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Implementation of graphic health warning labels on tobacco products in India: the interplay between the cigarette and the bidi industries
  1. Sujatha Sankaran1,
  2. Heikki Hiilamo2,
  3. Stanton A Glantz3
  1. 1Division of Hospital Medicine, University of California, San Francisco, San Francisco, California, USA
  2. 2Faculty of Social Sciences, University of Helsinki, Helsinki, Finland
  3. 3Department of Medicine, Center for Tobacco Control Research & Education, Philip R. Lee Institute for Health Policy Studies, University of California, San Francisco, San Francisco, California, USA
  1. Correspondence to Professor Stanton Glantz, 30 Parnassus Suite 366, University of California, San Francisco, CA 94143–1390, USA; glantz{at}medicine.ucsf.edu

Abstract

Objectives To understand the competition between and among tobacco companies and health groups that led to graphical health warning labels (GHWL) on all tobacco products in India.

Methods Analysis of internal tobacco industry documents in the Legacy Tobacco Document Library, documents obtained through India's Right to Information Act, and news reports.

Results Implementation of GHWLs in India reflects a complex interplay between the government and the cigarette and bidi industries, who have shared as well as conflicting interests. Joint lobbying by national-level tobacco companies (that are foreign subsidiaries of multinationals) and local producers of other forms of tobacco blocked GHWLs for decades and delayed the implementation of effective GHWLs after they were mandated in 2007. Tobacco control activists used public interest lawsuits and the Right to Information Act to win government implementation of GHWLs on cigarette, bidi and smokeless tobacco packs in May 2009 and rotating GHWLs in December 2011.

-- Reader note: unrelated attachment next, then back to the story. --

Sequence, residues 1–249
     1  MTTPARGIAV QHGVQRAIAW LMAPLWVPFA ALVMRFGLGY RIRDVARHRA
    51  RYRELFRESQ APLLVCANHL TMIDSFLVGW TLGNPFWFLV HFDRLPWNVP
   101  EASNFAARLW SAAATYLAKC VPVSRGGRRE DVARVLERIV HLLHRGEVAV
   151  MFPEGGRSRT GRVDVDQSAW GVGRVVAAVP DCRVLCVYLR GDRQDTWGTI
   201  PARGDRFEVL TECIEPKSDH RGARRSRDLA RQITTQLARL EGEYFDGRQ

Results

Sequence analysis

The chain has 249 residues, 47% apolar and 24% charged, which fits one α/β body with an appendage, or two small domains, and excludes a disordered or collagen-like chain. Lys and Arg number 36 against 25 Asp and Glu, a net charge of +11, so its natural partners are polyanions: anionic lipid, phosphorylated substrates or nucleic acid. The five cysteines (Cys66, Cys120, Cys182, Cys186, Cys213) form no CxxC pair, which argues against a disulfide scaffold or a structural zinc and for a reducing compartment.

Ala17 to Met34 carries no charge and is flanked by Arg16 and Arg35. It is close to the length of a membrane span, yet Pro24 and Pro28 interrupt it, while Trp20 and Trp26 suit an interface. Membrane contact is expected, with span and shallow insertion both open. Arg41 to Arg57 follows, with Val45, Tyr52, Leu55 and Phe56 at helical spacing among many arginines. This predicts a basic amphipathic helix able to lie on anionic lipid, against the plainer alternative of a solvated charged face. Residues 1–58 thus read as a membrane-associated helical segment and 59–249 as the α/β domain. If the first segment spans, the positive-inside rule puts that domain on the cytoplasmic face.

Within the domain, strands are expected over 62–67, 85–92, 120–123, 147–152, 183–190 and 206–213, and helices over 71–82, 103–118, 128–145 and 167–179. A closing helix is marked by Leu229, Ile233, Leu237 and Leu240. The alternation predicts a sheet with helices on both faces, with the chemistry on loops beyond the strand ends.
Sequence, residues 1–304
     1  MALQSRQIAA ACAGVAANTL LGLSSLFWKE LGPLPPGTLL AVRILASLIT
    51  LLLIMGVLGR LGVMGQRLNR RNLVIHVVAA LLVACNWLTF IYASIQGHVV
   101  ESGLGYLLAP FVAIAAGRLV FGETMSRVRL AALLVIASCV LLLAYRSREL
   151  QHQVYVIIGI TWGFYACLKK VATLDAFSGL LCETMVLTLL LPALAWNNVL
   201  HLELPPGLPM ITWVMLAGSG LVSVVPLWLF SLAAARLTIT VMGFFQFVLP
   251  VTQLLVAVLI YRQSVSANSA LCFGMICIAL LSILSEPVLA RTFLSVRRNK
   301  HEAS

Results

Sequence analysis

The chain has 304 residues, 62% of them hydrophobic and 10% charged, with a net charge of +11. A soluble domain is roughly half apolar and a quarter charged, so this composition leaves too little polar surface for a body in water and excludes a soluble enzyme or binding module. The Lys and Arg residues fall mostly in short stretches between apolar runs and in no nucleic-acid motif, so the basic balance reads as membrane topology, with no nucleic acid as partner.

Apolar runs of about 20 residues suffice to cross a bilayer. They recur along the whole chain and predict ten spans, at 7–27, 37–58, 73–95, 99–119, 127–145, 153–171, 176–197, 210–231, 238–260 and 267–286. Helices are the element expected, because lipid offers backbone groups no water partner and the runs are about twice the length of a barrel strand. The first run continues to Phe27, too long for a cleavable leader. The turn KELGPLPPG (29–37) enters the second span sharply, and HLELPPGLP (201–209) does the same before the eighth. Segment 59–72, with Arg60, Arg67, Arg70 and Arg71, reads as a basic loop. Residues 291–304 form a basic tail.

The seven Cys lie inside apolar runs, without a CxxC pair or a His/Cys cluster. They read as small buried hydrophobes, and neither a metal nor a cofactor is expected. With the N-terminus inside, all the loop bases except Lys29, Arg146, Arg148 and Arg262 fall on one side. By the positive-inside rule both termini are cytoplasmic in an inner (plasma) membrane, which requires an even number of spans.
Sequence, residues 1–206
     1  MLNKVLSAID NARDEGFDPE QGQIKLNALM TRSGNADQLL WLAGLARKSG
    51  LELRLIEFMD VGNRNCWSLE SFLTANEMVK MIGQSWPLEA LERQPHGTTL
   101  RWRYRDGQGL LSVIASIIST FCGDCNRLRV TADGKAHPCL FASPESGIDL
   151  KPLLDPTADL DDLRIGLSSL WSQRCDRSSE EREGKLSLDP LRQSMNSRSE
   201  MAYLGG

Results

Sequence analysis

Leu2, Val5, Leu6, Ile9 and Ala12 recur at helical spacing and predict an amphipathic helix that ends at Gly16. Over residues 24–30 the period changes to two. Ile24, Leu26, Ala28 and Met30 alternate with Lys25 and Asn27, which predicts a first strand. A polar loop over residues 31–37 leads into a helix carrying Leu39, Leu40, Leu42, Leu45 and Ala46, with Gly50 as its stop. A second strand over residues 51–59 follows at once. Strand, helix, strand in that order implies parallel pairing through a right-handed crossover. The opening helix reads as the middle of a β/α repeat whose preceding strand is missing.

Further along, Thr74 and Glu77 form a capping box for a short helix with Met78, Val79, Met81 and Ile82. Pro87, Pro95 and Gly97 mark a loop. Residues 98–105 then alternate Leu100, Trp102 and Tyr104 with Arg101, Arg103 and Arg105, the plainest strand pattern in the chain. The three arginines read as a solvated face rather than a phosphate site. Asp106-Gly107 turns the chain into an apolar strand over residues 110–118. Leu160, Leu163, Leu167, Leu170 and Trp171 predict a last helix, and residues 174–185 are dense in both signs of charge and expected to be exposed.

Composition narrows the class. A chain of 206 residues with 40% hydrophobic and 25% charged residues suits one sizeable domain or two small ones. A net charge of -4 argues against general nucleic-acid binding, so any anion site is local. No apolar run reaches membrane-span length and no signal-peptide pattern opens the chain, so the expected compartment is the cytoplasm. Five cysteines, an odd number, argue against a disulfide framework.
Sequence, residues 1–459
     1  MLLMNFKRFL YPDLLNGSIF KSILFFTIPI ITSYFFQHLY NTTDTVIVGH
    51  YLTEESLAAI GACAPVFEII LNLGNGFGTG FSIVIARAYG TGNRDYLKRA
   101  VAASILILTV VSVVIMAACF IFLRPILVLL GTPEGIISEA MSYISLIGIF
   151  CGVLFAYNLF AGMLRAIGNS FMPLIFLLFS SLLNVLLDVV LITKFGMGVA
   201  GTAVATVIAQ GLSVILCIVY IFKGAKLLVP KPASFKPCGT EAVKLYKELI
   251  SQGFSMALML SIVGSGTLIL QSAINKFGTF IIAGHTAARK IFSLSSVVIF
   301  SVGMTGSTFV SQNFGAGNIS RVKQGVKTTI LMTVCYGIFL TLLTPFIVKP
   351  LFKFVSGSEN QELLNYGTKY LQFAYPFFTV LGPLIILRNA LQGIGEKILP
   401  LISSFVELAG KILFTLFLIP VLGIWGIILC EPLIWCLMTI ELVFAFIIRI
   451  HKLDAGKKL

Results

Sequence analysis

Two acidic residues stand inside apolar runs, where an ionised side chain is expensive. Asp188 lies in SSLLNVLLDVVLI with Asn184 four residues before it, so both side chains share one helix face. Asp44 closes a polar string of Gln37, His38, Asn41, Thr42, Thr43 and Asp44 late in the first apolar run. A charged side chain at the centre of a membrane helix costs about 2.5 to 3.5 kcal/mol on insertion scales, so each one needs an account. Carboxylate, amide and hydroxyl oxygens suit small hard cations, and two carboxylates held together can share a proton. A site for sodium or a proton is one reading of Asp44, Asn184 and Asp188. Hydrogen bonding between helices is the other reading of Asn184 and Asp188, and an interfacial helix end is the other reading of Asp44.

Conclusions GHWLs in India illustrate how the presence of bidis and cigarettes in the same market creates a complex regulatory environment. The government imposing tobacco control on multinational cigarette companies led to the enforcement of regulation on local forms of tobacco. As other developing countries with high rates of alternate forms of tobacco use establish and enforce GHWL laws, the tobacco control advocacy community can use pressure on the multinational cigarette industry as an indirect tool to force implementation of regulations on other forms of tobacco.

  • Tobacco industry
  • Advocacy
  • Global health
  • Non-cigarette tobacco products
  • Packaging and Labelling

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